Paralleling ERRα expression, PGC1β is upregulated during the transition from bone marrow macrophages to pre-OC, and PGC1β knockout mice exhibited osteopetrosis.19 Although OC number was not affected, PGC1β-deficient OC displayed abnormal morphology and their bone-resorbing activity was significantly impaired due to a reduction in phosphorylation of c-src at Tyr416 and a decrease in actin ring formation.19 Taken together, these data suggest that ERRα and PGC1β may regulate not only genes involved in mitochondrial biogenesis in OC (MCAD, OXPHOS genes; Fig. 2; Table 1) but also genes involved in actin cytoskeletal organization required for OC migration and resorption capacity (Fig. 2, Table 1).
Table 1. ERRα-Regulated Genes That May Impact Bone Physiology
Several studies support a positive regulatory role for ERRα in OB differentiation and function. Inhibiting ERRα blocks differentiation of rat calvarial (RC) cells into mature OBs, whereas overexpression enhances differentiation with associated increased expression of OPN and osteocalcin (OCN) in vitro.20 Bone marrow mesenchymal stem cells (MSCs) isolated from ERRα-deficient mice exhibited reduced proliferation, osteoblastic differentiation, and mineralization.21
In contrast, two separate studies showed increased bone mineral density with deletion of ERRα in mice.22, 23 Species-specific responses, ie, differences between rats and mice in which studies were done, may underlie some of the differences. As likely, however, are the diverse contributions of both cell-autonomous ERRα functions in OBs and nonautonomous functions (impact of ERRα-expressing adipocytes, mesenchymal cells, immune cells, and endothelial cells in the bone environment). It is worth mentioning that PGC1β–/– mice also exhibit reduced bone formation as a result of a decrease in OB number and associated reduced serum osteocalcin concentration.19 RANKL expression was increased in the bone of PGC1β–/– mice, a result paralleling the upregulation of RANKL in primary OBs in which ERRα is decreased, suggesting that ERRα and PGC1β may indirectly decrease OC formation through their activities in OBs.19, 24
ERRγ is also involved in osteoblastogenesis and can regulate the bone morphogenic protein 2 (BMP2) pathway.25 ERRγ heterozygote male mice exhibited a slightly but significantly increased bone volume fraction (BV/TV) at 14 weeks, associated with an increased bone mineral content, and increased expression of alkaline phosphatase (ALP)26 (Cardelli and Aubin, unpublished data).
ERRα Target Genes and Interacting Proteins That May Impact Bone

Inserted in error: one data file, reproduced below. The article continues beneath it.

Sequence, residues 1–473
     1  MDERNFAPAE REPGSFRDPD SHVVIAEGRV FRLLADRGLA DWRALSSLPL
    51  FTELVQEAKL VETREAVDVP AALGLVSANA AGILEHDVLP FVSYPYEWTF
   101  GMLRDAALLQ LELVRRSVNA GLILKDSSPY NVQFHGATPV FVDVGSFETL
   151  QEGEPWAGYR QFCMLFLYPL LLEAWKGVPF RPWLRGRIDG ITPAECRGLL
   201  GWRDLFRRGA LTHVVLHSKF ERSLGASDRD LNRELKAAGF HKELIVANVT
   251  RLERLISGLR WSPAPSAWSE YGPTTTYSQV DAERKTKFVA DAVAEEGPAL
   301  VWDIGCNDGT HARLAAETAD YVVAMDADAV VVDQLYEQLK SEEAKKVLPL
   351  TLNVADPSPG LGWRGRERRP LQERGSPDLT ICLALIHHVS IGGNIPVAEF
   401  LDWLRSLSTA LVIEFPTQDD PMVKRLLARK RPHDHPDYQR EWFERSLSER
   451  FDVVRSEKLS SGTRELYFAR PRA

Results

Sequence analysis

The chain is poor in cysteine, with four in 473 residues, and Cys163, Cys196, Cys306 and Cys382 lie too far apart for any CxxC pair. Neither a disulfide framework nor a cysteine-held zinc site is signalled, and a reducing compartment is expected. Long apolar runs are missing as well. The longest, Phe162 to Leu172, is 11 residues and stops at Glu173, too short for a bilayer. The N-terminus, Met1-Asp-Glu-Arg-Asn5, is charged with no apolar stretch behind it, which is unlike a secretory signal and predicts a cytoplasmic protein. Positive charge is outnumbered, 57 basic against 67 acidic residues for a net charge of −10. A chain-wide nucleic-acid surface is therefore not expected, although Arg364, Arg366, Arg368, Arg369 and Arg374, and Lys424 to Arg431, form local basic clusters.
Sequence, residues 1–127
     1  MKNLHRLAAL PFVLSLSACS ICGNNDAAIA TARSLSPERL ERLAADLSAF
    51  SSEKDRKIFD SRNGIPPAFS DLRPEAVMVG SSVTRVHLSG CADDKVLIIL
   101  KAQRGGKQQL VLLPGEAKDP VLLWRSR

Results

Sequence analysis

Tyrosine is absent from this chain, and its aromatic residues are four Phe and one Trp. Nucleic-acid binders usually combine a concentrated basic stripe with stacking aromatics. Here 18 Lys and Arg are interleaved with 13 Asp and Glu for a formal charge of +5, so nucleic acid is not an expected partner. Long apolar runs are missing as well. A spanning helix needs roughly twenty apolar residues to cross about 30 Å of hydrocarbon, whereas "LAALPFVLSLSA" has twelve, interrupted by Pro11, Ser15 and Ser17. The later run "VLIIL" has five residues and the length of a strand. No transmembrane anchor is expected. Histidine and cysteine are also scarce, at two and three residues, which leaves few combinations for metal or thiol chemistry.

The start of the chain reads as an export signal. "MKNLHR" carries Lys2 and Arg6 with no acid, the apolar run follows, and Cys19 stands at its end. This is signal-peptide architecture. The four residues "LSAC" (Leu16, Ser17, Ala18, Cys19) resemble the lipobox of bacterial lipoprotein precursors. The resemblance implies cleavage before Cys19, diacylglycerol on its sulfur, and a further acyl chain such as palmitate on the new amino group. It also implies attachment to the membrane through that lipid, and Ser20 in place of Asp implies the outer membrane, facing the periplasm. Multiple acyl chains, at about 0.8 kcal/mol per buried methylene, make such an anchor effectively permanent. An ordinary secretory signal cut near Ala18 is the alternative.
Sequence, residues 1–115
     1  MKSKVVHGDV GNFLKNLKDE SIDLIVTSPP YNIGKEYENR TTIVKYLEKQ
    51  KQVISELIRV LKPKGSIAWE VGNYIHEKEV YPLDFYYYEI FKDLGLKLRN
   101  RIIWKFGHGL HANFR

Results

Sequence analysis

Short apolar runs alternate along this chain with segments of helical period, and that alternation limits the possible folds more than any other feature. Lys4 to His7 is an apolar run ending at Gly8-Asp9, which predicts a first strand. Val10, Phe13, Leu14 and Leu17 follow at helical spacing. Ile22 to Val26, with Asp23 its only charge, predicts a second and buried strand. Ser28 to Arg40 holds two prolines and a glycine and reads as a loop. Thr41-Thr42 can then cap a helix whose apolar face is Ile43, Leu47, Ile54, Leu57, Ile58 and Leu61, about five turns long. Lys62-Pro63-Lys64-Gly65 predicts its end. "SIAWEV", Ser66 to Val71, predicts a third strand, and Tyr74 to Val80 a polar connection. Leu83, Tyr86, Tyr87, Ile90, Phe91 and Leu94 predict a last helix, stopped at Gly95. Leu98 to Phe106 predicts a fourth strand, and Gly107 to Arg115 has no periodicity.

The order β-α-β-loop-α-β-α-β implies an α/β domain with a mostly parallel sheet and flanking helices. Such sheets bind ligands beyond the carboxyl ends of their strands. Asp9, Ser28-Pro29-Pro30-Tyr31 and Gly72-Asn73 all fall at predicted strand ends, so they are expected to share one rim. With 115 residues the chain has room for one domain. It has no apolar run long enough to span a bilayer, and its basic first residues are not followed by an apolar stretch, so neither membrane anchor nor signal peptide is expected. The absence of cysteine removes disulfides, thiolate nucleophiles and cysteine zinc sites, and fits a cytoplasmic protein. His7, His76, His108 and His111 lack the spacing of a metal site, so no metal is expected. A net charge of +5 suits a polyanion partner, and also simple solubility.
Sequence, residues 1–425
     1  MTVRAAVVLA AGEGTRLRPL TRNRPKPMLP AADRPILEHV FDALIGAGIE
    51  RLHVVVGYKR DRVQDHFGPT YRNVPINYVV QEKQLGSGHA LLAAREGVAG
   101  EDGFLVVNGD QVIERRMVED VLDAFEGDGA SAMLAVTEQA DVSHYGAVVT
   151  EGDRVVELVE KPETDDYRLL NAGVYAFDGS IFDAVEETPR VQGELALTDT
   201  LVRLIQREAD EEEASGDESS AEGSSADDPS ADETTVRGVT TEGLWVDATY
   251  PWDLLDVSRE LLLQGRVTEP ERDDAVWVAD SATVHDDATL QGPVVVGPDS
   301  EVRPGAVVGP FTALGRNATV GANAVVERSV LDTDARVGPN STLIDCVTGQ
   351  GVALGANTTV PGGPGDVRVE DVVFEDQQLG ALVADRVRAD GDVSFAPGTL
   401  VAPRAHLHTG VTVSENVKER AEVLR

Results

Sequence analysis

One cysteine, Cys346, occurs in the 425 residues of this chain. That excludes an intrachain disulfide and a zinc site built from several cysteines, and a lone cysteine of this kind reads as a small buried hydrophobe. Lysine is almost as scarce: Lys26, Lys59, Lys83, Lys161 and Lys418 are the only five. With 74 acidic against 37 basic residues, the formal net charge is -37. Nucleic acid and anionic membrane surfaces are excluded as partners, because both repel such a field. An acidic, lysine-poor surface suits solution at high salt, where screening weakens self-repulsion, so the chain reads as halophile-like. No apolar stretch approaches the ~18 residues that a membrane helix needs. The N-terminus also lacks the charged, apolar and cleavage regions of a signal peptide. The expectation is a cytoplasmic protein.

Many other ERRα target genes and pathways are known regulators of bone formation and function (Tables 1, 2). In a previous review, we summarized genes (c-erbA1, aromatase, endothelial nitric oxide synthase [eNOS], and lactoferrin) known to be directly regulated by ERRα in non-bone tissues that may impact bone physiology.5 More recently, a variety of other ERRα target genes or interacting molecules that also impact bone turnover have been described. In this article we do not review these in detail, but they include: (1) small heterodimer partner (SHP), which physically interacts with all three ERRs, repressing their activity27–29; (2) hypoxia-inducible factor-α (HIF1α), which physically interacts with ERRα to stimulate HIF-induced transcription30–33; and (3) vascular endothelial growth factor (VEGF), which is a direct target gene of the ERRα/PGC1α complex and HIF1α in muscle and in breast cancer cells.34, 35 Several factors, including prostaglandin E1, BMP, and insulin-like growth factor 1, known to regulate ERRα or γ expression and/or activity, also modulate VEGF production in bone cells, suggesting direct VEGF regulation by ERRα/γ in OBs and OCs10, 25, 38, 39; (4) aryl hydrocarbon receptor (AhR), which has been reported to interact with ERα and ERRα 40–43; (5) PPARα, which was reported to be directly regulated by ERRα in cardiac myocytes and skeletal muscles 44–46; and (6) Wnt11, which has been shown to be regulated in breast cancer cells by ERRα/β-catenin complex and in C3H10T1/2 cells through its interaction with PGC1α.12, 47–49 Recently, we found osteoprotegerin (OPG) regulated in breast cancer cells impacting on bone metastases formation.50
Table 2. ERRα-Interacting Factors That May Impact Bone Physiology
ERRα interacting factors
ERRα = estrogen receptor related receptor alpha; OB = osteoblast; OC = osteoclast.
Small heterodimer partner (SHP)
Human cervical carcinoma (HeLa)
Corepresssor; mutated associated to moderate obesity; target genes of ERRγ; expressed in OB; role in bone formation in vivo
Is ERRα, a Regulator of Adipogenesis, Involved in Glucose Homeostasis in Bone?